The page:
Relatives accuse police spokesperson of torture

Thursday October 17 2019

Quizzed. Police spokesperson Fred Enanga

Quizzed. Police spokesperson Fred Enanga (right) consults with his lawyer, Mr Wakiri Nasul, while appearing before the probe committee on land matters in Kampala, on Tuesday. PHOTO BY DAVID LUBOWA.  


The Commission of Inquiry into land matters yesterday tasked the police spokesperson, Mr Fred Enanga, to explain why he allegedly used his position in police to influence the surveying of the disputed three square miles of land in Oreta Village, Amun parish, Akokoro Sub-county in Apac District.

While appearing before the land probe commission chaired by Justice Catherine Bamugemereire, Mr Enanga was also queried over allegations that he used police to arrest, torture and imprison his relatives in a bid to force them off the land.

Mr Enanga together with his father, Mr George Echonga, a retired senior police officer, were last week dragged to the land probe committee by their family member, Mr Naphtali Enanga, accusing them of grabbing eight square miles of land covering four parishes. The land is occupied by 1,740 households.

“Mr Enanga, your name is coming up severally where you are being accused of using your position in police to harass people on the said land,” the Commission lead counsel, Mr Ebert Byenkya, said.

Enanga denies charges
However, Mr Enanga denied having involved police in the harassment of people.

He instead accused the petitioner, Mr Naphtali Enanga, of calling for police’s deployment to keep guard as Digi maps, a private firm contracted to survey the land, was carrying out the survey.
“My Lord, this is not conclusive, it is not me as an individual,” Mr Enanga said, adding that some of the allegations were attempts to victimise him.


Mr Naphtali Enanga petitioned the Commission last week requesting that they stop Mr Fred Enanga and his father from taking over their land.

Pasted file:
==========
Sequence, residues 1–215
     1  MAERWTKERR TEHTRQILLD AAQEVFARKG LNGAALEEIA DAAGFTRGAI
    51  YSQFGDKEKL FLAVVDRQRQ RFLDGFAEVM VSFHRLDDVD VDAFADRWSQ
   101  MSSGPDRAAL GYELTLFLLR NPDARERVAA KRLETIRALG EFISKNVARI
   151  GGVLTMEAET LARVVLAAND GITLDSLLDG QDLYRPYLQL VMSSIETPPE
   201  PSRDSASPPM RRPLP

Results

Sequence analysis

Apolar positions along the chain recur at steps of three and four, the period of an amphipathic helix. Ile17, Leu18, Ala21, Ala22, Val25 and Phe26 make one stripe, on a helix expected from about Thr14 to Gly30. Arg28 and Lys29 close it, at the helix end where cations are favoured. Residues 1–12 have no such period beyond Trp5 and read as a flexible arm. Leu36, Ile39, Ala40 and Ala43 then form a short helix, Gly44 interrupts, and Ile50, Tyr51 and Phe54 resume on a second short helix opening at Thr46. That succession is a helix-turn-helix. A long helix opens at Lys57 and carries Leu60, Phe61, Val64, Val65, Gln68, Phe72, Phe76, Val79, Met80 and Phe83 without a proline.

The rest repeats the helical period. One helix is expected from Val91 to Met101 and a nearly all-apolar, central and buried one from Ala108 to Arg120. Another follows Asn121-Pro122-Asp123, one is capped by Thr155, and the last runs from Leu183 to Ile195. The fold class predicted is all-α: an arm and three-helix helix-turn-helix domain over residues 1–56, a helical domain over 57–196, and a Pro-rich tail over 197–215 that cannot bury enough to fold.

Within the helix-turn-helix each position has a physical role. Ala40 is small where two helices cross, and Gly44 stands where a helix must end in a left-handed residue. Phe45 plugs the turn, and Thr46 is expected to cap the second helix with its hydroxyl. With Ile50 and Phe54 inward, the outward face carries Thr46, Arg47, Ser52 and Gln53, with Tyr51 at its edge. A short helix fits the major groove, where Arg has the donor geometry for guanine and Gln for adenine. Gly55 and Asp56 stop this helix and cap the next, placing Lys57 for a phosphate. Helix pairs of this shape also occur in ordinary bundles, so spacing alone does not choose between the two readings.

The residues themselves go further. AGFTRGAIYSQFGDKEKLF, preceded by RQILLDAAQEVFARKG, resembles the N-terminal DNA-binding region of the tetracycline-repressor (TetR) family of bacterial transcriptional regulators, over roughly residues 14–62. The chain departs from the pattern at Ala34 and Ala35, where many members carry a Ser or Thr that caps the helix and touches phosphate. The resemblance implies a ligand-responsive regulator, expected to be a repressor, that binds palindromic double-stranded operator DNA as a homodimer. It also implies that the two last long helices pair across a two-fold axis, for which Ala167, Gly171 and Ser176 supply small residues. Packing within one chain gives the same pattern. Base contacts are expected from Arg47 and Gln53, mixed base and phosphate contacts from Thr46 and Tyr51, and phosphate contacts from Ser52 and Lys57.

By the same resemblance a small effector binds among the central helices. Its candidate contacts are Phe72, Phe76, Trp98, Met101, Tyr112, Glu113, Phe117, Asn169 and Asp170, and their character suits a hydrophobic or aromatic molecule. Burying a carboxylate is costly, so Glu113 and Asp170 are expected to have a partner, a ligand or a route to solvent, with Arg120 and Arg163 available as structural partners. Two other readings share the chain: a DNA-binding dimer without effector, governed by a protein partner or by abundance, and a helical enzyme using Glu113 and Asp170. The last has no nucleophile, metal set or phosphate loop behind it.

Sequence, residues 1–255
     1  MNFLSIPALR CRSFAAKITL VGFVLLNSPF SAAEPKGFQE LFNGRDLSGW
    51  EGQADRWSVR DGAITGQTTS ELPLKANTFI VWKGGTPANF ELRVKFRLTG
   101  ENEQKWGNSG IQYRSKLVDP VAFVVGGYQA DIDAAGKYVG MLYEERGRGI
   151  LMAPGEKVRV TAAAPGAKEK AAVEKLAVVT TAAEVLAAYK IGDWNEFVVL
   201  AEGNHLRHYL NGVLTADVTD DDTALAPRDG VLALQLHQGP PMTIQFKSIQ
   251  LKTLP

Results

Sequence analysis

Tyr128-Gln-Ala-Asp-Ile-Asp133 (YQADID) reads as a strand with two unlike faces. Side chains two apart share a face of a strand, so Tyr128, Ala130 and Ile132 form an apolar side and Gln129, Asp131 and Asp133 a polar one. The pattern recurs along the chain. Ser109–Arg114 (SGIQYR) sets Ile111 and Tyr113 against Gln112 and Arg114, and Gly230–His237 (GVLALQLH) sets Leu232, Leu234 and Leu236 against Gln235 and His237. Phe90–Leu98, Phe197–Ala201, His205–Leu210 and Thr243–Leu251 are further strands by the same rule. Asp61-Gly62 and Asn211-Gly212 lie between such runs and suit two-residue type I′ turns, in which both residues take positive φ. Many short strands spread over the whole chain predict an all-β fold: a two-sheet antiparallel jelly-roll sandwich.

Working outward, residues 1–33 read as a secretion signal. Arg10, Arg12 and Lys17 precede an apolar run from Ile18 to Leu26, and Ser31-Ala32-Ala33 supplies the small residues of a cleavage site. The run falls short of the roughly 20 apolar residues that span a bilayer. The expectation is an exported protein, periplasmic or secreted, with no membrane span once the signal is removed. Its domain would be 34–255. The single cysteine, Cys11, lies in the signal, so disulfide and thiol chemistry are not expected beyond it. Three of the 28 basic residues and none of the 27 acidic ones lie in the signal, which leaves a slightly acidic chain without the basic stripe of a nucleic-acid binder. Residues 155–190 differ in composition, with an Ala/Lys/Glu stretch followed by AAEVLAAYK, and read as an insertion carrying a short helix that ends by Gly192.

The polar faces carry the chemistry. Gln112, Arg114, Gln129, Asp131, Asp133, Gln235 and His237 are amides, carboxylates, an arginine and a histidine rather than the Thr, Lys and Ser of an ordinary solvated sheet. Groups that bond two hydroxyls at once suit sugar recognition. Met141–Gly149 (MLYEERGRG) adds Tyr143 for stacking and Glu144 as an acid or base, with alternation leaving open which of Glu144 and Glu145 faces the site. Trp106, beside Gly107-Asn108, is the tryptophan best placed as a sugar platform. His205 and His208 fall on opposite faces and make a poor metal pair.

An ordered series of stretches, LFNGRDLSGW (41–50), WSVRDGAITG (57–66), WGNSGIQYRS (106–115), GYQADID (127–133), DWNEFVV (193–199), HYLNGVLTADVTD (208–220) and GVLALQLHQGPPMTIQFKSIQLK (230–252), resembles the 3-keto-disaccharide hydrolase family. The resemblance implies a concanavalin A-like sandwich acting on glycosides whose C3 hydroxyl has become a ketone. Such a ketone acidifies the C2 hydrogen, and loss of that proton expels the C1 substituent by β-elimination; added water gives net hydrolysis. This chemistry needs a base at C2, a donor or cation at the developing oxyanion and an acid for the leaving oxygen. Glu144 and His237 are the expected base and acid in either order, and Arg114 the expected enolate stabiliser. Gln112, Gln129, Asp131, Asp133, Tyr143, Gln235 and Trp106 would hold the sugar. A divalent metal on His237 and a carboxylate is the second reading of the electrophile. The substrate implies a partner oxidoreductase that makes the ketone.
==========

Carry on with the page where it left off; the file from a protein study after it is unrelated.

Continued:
Responding to accusations that he had caused the arrest of his auntie, Lilian Adwedo, Mr Fred Enanga said she was arrested on different charges.

“She was arrested for assaulting her older sister, who the family had entrusted with keeping the family house in the village,” he said.
In regard to accusations of having used police to disperse a clan meeting called to resolve the land dispute, Mr Enanga said the same accusations came up in July 2018.

“That same matter was investigated and found to be untrue. We did not influence anything or anyone,” Mr Fred Enanga insisted.
He said no police officer could take unlawful orders.
On accusations that they sold the land, Mr Fred Enanga clarified that the family had never sold any land to anyone.

“We are trying to achieve our grandfather, Enosi Okabo’s dream to set up Awilodyang mixed farm on the three-square mile piece of land,” he said.
Mr Fred Enanga is co-partner with his father on Awilodyang mixed farm.

The police spokesperson accused his relatives of selling part of the land they inherited from their grandfather.
He wondered why the people were contesting his father’s ownership of land and not the land occupied by his uncles.

According to him, his uncles; Johnson Angalla got 140 acres, Benjamin Enanga got three square miles, while his grandfather, Naphtali Enanga, got four square miles and were living peacefully on their land.

He said in 1977, when his father first applied for a title on the contested land, he was allocated 10 square miles piece of land but he abandoned the idea in 2018 and only applied for three square miles.
“We wanted to secure the entire piece of land but when our uncles and grandfather refused, we decided to apply for only his father’s three square-mile piece of land,” Mr Fred Enanga told commissioners.

The police chief called on the commission to dig into the history of the land to determine the ownership of the land to enable the family embark on the mixed farm project without disruptions.


Denied claims. Appearing before the same committtee earlier, Mr George Echonga dismissed as untrue allegations that he evicted his relatives off the land with a view of grabbing it. He told the land probe that he would not compensate people on the contested land because they settled on it illegally.